UK to return looted Sumerian artifact to Iraq

A handout picture released by the British Museum in London on 28 September 2020 shows a Sumerian plaque, dating to around 2400BC, and belonging to the Early Dynastic III period of southern Iraq, that was smuggled out of Iraq and then seized from an online auction site by the UK authorities. (Reuters)
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Updated 28 September 2020

UK to return looted Sumerian artifact to Iraq

  • Temple plaque found in online auction spotted by experts at British Museum
  • Thought to have been stolen from Tello in southern Iraq, site of ancient city of Girsu

LONDON: An ancient artifact that may have been looted before being smuggled to the UK is set to return to Iraq.

The item is a Sumerian temple plaque featuring the seated figure of a high priest or ruler, carved from limestone and dating from around 2400 BC.

It will be sent to Iraq, where it is thought to have originated, after it was spotted for sale and seized by police in 2019 following a tip off by experts at the British Museum in London.

The plaque will be put on display to the public for the next two months at the museum before its repatriation.

Prior to its discovery, no record of the plaque was found in any official record or museum inventory, lending credence to the theory that it may have been looted.

It bears physical resemblances to other Sumerian artifacts discovered at Girsu, one of the world’s oldest known settlements, at modern-day Tello in southern Iraq.

Girsu, originally excavated by French archaeologists from the late 19th century, has also been the focus of researchers from the British Museum in recent years. Even now, only a small part of the site has been successfully excavated.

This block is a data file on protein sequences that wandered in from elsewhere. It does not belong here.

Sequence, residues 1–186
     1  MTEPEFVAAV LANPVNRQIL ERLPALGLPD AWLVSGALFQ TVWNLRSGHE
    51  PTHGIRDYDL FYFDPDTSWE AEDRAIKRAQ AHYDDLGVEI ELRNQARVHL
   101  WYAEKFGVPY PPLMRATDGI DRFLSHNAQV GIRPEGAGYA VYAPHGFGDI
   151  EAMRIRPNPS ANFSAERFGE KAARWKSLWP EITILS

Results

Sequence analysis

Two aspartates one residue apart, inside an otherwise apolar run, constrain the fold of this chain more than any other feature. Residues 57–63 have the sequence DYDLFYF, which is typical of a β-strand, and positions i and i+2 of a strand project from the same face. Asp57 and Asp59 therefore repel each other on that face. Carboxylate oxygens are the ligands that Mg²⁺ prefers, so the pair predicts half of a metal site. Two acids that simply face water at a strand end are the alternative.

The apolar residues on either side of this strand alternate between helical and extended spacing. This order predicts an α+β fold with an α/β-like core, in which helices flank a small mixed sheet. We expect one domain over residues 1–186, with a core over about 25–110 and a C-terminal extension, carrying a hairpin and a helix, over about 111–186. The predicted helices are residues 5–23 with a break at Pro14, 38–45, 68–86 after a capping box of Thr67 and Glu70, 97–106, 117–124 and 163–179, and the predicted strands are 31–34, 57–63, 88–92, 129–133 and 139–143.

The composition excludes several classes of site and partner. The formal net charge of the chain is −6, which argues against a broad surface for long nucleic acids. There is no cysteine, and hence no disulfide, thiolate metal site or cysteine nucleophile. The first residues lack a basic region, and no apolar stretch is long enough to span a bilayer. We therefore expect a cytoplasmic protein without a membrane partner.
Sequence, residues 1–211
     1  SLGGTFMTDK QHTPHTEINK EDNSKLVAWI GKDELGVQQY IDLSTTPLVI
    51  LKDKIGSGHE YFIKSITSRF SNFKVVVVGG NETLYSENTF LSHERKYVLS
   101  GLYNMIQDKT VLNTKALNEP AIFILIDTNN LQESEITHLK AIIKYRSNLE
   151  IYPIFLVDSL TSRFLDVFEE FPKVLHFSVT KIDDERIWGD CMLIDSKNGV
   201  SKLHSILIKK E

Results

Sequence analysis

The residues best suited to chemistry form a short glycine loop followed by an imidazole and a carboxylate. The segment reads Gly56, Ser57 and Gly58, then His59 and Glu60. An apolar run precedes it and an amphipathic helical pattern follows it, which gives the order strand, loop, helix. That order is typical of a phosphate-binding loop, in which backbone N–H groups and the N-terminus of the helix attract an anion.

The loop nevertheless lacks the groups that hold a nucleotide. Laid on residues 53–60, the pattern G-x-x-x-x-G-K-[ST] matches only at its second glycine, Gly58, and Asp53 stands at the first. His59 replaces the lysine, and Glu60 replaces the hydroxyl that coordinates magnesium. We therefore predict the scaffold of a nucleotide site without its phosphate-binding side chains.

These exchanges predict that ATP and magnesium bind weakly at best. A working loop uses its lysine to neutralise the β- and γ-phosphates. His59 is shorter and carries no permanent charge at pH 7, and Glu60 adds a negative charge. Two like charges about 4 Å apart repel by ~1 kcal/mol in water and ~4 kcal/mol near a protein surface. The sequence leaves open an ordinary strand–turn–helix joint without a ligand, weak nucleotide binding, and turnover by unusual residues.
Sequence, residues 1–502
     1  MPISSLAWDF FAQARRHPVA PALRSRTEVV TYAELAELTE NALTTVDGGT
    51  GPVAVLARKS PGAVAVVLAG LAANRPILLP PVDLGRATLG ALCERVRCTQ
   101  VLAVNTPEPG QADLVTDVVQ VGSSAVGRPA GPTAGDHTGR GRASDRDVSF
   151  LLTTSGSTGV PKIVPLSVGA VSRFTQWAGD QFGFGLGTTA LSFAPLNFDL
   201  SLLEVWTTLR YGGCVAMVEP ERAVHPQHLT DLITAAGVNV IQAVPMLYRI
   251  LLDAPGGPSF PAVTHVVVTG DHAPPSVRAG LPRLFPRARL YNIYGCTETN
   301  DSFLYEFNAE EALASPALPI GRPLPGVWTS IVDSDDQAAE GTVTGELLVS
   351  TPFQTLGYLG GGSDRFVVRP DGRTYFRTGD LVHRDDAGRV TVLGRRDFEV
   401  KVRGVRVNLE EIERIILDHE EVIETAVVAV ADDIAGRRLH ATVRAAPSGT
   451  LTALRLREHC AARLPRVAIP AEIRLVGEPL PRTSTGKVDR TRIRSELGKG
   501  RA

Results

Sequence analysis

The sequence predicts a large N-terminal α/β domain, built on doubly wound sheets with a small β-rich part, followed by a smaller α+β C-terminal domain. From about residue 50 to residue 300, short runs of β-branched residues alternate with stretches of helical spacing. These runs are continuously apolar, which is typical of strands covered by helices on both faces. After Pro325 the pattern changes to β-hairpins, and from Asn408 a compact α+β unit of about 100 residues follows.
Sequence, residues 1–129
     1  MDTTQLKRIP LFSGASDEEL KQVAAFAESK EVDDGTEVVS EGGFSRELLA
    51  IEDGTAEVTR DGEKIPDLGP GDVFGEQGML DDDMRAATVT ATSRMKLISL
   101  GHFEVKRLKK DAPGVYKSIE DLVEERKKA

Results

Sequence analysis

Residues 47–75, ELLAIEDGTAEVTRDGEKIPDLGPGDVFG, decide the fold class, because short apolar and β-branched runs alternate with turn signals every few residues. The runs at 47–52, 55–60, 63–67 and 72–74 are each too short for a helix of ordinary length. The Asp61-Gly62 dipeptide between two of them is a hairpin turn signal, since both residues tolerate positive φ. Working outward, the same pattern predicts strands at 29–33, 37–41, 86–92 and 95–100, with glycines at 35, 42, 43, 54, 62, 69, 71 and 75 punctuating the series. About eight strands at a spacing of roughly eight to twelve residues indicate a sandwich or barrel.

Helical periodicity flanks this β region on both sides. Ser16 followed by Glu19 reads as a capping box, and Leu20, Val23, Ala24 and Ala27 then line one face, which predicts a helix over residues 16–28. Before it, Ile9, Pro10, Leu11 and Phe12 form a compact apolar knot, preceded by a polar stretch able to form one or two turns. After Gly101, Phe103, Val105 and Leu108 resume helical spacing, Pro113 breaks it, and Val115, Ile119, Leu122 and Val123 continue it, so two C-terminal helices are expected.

The trade in stolen and smuggled items of huge value from the Middle East is lucrative, and a constant source of dialogue between the British Museum and international police forces hunting stolen goods.

“We’re used to coming across tablets, pots, metalwork, seals and figurines on the art market or in seizures that have been trafficked. But it’s really exceptional to see something of this quality,” said Dr. St. John Simpson, the museum’s senior curator.

“There are only about 50 examples of these known from ancient Mesopotamia. So that immediately places it on the high-rarity scale,” he added.

“We can be fairly sure that this object comes from the Sumerian heartland. That is the area that got very badly looted between the 1990s and 2003.”

Christopher Wren of TimeLine Auctions, where the plaque was spotted for sale by Simpson’s colleague Sebastien Rey, admitted that it was possible that it had been looted from Iraq. 

“The vendor, who had casually and innocently acquired it from a German arts fair some years ago, was horrified to hear this and immediately volunteered to renounce any claim to ownership and expressed the wish that it be returned to its place of origin,” Wren said.